I was on staff at WDFM probably beginning about 1967 for at least two years, ending with my graduation in 1969 with a degree in journalism. I was assistant news director, had a live interview show in the arts and also DJ’d a music program focused on Broadway. 

The only anecdote I can remember is showing up at 4 PM on a weekday to write a newscast and finding that the news had been stolen, ripped-off the wire machine. It happened a number of times. The only thing that was really left where the agriculture (e.g. pork belly reports). That of course is of interest to Penn Staters. 

In those days also the license for the station was limited to playing little rock music, which was the revenue-producing genre of the commercial station in town. The only other competition was a station restricted to West Halls, a dorm that was for men and primarily had engineering students. 

In those days also we had squeaky wooden chairs that made in an enormous amount of noise rolling back-and-forth near the microphones.

I do also remember hearing for the first time someone described as “black.” I called the station immediately and spoke to the announcer with concern. I was informed that there had been received a notice saying that this was an appropriate way to describe a group of students or a single individual.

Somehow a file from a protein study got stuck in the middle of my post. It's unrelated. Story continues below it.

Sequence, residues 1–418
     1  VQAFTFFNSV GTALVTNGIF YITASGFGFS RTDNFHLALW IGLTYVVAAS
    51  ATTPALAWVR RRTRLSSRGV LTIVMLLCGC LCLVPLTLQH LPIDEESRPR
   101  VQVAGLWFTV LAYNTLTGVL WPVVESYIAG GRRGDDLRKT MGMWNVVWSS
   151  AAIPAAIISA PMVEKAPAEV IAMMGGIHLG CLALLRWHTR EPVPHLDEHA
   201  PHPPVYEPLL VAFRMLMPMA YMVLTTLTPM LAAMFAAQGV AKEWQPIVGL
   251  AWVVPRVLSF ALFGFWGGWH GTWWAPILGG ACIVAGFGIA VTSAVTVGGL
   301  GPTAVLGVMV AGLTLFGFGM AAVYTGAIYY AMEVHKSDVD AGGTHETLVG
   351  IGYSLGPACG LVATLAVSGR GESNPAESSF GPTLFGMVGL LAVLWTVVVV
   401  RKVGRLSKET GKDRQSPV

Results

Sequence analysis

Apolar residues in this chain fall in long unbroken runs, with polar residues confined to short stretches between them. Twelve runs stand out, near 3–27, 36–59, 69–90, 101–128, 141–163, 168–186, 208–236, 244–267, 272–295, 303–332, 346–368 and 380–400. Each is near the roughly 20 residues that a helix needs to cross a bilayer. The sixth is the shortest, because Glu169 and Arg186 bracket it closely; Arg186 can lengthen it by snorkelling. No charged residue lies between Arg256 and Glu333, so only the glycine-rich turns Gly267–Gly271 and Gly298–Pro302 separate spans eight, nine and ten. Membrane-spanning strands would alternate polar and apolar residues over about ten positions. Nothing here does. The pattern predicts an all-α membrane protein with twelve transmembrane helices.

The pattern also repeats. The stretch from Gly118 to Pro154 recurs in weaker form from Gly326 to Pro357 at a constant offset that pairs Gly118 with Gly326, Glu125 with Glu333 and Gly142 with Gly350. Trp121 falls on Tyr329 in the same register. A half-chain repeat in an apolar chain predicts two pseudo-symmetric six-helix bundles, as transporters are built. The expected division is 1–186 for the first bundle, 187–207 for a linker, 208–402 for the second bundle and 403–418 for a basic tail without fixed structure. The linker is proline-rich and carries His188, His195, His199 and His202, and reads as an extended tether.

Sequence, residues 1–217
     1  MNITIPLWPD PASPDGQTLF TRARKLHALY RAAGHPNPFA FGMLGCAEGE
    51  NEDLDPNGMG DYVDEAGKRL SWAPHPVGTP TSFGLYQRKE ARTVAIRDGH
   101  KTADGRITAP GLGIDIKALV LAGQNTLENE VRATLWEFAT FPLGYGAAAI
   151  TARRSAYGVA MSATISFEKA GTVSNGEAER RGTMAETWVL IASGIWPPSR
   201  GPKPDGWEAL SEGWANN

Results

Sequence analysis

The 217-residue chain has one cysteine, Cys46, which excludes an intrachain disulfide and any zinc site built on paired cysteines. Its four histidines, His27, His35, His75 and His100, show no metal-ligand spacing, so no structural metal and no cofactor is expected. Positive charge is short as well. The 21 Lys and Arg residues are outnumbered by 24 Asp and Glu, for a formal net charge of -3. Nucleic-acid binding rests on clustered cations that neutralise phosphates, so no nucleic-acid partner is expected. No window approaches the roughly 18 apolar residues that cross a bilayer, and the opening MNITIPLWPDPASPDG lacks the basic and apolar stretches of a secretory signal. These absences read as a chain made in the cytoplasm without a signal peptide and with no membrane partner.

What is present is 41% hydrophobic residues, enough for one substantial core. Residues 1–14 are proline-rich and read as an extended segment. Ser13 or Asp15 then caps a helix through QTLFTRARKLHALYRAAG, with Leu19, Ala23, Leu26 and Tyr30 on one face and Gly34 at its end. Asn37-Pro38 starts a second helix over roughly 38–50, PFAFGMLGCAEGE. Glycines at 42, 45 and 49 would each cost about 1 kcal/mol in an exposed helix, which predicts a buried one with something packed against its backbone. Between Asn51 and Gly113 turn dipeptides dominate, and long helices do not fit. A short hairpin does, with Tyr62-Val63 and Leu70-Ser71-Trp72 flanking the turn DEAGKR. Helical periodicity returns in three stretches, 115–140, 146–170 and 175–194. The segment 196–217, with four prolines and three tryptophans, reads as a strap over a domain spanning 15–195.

We used to sell little transistor radios to raise money for the station. The reality was that not a lot of people had FM radios.

I still have a “protest” button/pin inscribed with the phrase, “we dig your thing.”

These were tumultuous times, and somewhere between Vietnam draft, the slowly eroding of curfews in the women’s dorms, proliferation of recreational drugs (not my scene, but I was the only person with a real banana at the banana power rally), and protests, I managed to get a very wonderful education that I still lean on.

—Lauren W. Deutsch, Producer/Director
Pacific Rim Arts